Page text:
Chapter 2

The Questions Of The Skeptics Weighed

We are now ready to take a closer look at the questions raised by skeptics, considering them in the light of the perspectives we’ve just described.


In his gospel, Matthew wrote:

After Jesus was born in Bethlehem in Judea, during the time of King Herod, Magi from the east came to Jerusalem and asked, “Where is the one who has been born King of the Jews? We saw His star in the east and have come to worship Him.” When King Herod heard this he was disturbed, and all Jerusalem with him. When he had called together all the people’s chief priests and teachers of the law, he asked them where the Christ was to be born. “In Bethlehem in Judea,” they replied, “for this is what the prophet has written: ‘But you, Bethlehem, in the land of Judah, are by no means least among the rulers of Judah; for out of you will come a ruler who will be the shepherd of My people Israel’ ” (Mt. 2:1-6).

Skeptics have suggested that Matthew contrived the events of Bethlehem to make it look like a fulfillment of Micah’s prediction that Messiah would come out of Bethlehem. Those who use this argument implicitly acknowledge what other skeptics deny; namely, that the expectation of a Bethlehem birth existed among the Jews of Matthew’s time.

 The Prediction: Messiah would come “out of ” Bethlehem. All agree that Micah 5:1-4 predicts that Jerusalem would be invaded by enemy forces (v.1), that Israel would be temporarily abandoned by God (v.3), and that someday Messiah would restore Israel, establishing a kingdom of universal peace and justice (vv.3-4). Micah declared that this Deliverer would come “out of” Bethlehem.

Is it possible that Micah was only saying that Messiah would have an ancestral link to Bethlehem?

Christians ask, “Isn’t this an obvious, undeniable prediction that Messiah would be born in Bethlehem? “No,” say the skeptics. “Micah was only predicting that Messiah would be a descendant of David, the Bethlehemite. He could have this ancestral link to Bethlehem without actually being born there.”

Have followers of Jesus made too much of Micah’s prophecy? Could a son of David lay claim to the Kingdom if it turns out that He was actually born in Hebron, or Bethel, or Tel Aviv?

The Moral- Spiritual Lesson: Lowly Bethlehem would be favored over proud Jerusalem. While Micah 5:2 does not make it absolutely clear that the coming Deliverer would be born in Bethlehem, preceding verses set the stage for that interpretation. With descriptive irony the prophet referred to Jerusalem as a “city of troops” as he called on her to marshal her forces. Yet, in his next breath he predicted that the Babylonians would “strike Israel’s ruler on the cheek with a rod,” a prophecy of the extreme humiliation to which Zedekiah, Israel’s last king of the Davidic dynasty, would be subjected by enemy soldiers. Second Kings 25:1-7 says that his captors executed his sons before his eyes, blinded him, and took him to Babylon.

From Micah’s point of view, the descendants of David who were born in proud, self-reliant Jerusalem had sinned by relying on military power and strategy rather than on Jehovah. Therefore, according to Micah, the Deliverer would come from lowly Bethlehem, not from proud Jerusalem. While this is not a precise statement that the Messiah would be born in Bethlehem, it can be inferred from the context. As the son of David, Messiah would have an ancestral link to both Jerusalem and Bethlehem. This relationship to both cities suggests that Micah must have had something else in view.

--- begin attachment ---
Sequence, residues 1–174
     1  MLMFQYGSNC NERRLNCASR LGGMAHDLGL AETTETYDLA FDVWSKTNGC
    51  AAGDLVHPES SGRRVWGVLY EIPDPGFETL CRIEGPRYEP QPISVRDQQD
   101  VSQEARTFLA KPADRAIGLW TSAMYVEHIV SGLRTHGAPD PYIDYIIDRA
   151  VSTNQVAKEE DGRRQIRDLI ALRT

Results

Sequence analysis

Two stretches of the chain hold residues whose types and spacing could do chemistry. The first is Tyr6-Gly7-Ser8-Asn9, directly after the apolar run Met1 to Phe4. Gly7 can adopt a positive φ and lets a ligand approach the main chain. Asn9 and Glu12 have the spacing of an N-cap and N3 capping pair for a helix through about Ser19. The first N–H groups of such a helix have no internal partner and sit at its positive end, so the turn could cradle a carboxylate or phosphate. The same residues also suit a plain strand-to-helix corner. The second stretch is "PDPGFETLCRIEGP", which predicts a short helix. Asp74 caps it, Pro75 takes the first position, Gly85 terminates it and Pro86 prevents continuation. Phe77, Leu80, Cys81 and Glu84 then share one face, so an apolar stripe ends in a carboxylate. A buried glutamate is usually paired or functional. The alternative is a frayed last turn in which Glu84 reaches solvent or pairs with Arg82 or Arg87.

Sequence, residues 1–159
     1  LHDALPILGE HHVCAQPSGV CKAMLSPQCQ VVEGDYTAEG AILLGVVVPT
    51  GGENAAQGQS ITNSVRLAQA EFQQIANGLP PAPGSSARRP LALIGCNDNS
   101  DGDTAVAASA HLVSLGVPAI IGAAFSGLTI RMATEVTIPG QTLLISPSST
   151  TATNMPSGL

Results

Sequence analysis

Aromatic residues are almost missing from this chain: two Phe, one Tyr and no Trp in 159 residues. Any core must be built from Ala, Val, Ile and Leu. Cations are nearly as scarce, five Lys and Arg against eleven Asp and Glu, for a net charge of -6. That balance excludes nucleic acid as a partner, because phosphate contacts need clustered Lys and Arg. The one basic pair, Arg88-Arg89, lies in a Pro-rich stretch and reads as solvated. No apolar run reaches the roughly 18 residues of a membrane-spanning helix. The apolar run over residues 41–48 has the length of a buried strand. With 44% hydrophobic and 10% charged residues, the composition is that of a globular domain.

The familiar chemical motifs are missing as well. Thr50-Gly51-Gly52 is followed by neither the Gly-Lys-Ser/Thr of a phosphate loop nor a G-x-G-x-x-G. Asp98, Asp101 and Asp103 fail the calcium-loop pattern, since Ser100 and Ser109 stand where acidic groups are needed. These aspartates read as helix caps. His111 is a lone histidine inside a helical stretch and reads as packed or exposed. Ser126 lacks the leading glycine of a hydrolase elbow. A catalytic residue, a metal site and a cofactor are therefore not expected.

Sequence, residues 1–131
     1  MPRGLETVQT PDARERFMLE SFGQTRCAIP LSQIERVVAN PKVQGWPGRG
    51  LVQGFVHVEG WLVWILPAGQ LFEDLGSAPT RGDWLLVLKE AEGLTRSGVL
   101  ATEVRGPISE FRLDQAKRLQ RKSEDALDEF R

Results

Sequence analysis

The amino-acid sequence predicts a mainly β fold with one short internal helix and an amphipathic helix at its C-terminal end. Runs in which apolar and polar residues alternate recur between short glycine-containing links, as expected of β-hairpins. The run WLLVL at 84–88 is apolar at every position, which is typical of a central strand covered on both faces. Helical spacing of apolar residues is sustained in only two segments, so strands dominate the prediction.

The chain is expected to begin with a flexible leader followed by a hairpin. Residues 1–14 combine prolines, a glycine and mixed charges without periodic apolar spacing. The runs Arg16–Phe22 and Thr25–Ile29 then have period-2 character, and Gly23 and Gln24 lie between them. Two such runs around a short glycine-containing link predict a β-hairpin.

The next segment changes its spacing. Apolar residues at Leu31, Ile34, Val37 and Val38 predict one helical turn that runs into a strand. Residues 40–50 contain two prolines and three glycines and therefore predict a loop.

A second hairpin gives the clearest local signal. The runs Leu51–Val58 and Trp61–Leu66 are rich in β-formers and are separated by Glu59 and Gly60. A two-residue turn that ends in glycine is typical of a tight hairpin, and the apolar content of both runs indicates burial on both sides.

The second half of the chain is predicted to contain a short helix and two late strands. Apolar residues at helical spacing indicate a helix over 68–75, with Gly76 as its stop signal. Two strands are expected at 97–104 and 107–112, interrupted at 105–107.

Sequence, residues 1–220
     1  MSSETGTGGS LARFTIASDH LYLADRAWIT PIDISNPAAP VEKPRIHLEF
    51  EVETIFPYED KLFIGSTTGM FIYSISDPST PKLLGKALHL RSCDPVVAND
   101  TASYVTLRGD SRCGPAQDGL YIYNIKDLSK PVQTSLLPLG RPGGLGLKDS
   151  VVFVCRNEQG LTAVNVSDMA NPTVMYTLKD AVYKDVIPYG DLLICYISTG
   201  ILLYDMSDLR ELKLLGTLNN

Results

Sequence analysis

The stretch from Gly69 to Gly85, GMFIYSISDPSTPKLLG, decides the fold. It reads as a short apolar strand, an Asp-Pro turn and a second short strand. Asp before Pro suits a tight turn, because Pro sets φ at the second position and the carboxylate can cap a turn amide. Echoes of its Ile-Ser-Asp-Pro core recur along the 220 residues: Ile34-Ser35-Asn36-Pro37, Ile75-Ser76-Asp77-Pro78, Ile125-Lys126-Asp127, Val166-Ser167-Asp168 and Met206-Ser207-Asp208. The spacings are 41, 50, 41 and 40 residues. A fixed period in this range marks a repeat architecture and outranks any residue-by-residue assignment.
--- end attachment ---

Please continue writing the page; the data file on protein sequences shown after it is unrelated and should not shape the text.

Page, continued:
A Historical Confirmation: The New Testament record is confirmed by history. It remains for the record of the New Testament to put the last pieces into the puzzle. For those who accept the Gospels as true, Micah’s prophecy doesn’t have to stand all by itself. It can be interpreted in the light of the shepherds’ report about an angelic announcement, the sign of a star in the sky, the visit from the Magi, and the slaughter of the Bethlehem babies. Those first-century people who came to believe in Jesus as their Savior from sin and conqueror of death had no difficulty viewing Micah 5:1-4 as a prediction of His Bethlehem birth. It became for them one of many Old Testament prophecies amazingly fulfilled by Jesus.

First-century doubters could have checked out a story as concrete and specific as Jesus’ birth by going to Bethlehem and either confirming or refuting it.

But again the skeptics ask, “How do we know that Matthew didn’t just make up the Bethlehem connection to make it look like Jesus fulfilled Micah’s prediction?” Several factors weigh against this fabrication theory. First, it is now widely recognized that all of the Gospel writers wrote within the lifetime of Jesus’ contemporaries. So any controversial claims could be checked out.

“But,” someone asks, “who would remember such an insignificant event?” A better question might be, “If the account of the events surrounding Jesus’ birth were true, who could forget?” The Gospel writers went on to tell how Herod the King heard about the birth of Messiah and ordered the death of all the male babies of Bethlehem. What contemporary Bethlehem family would not have heard about Herod’s terrible massacre of innocents and the circumstances that prompted it? (Mt. 2:16-18). On the other hand, if no one of the first century had heard about the massacre, the “Bethlehem connection” could easily have been exposed as a baseless rumor.